Projects Upping Odds For Community-Wide Health Role
Two demonstrations – one using a
community-wide health information exchange in Indiana, and another
using a consortium of several community care physician networks in
North Carolina – are being implemented to encourage the
delivery of improved quality care. An estimated 130,000 beneficiaries
in those states will be affected, according to the CMS.
Both demonstrations will make more effective use
of best practice guidelines, encouraging shared decision making between
providers and patients, and altering incentives for care delivery.
The demonstrations are part of the national,
five-year Medicare Health Care Quality demonstration mandated by
Congress in the Medicare Prescription Drug, Improvement and
Modernization Act of 2003.
The Indiana Health Information Exchange (IHIE)
demonstration is the first large-scale Medicare study to examine the
impact of a multi-payer, quality reporting and improvement, and P4P
program. Medicare data will be used by the IHIE, along with clinical
and administrative data from other sources, to provide participating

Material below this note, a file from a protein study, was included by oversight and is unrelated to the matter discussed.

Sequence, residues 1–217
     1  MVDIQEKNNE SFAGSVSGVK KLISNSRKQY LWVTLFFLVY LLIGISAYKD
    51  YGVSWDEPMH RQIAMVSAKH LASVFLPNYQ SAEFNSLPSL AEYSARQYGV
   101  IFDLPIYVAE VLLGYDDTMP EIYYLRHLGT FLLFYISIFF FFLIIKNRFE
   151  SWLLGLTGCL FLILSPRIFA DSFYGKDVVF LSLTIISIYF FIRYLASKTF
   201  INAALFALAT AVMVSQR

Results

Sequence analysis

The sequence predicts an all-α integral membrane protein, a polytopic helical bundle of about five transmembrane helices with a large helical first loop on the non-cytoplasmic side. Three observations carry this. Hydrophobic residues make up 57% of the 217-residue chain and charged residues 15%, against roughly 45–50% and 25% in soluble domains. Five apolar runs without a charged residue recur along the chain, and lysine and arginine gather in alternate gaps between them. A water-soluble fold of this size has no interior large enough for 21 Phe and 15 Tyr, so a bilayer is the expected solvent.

physicians with better information on the patients they treat.
IHIE’s program will test whether quality improvement and P4P
are effective in a multi-payer environment.
Nearly 800 involved Indiana providers are treating
the majority of Medicare fee-for-service patients in the Indianapolis
area, regardless of the patient’s health status or
affiliation with aspecific physician group, health system or insurance
"Under the current healthcare system, patient data
is often inconsistent and housed in different systems making it less
useful to physicians," said CMS Acting Administrator Charlene Frizzera.
The North Carolina Community Care Networks
(NC-CCN) demonstration extends the ‘medical home’
concept to low-income Medicare beneficiaries eligible for both Medicaid
and Medicare. NC-CCN combines community-based care coordination and
health information technology to support more effective care
The demonstrations are described at CMS